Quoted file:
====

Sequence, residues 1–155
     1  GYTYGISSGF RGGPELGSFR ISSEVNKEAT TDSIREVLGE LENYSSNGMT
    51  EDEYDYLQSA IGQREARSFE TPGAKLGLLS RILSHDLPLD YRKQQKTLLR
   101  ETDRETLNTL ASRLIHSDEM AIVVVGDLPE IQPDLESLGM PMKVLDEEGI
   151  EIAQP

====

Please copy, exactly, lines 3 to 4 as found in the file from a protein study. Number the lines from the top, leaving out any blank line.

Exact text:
    51  EDEYDYLQSA IGQREARSFE TPGAKLGLLS RILSHDLPLD YRKQQKTLLR
   101  ETDRETLNTL ASRLIHSDEM AIVVVGDLPE IQPDLESLGM PMKVLDEEGI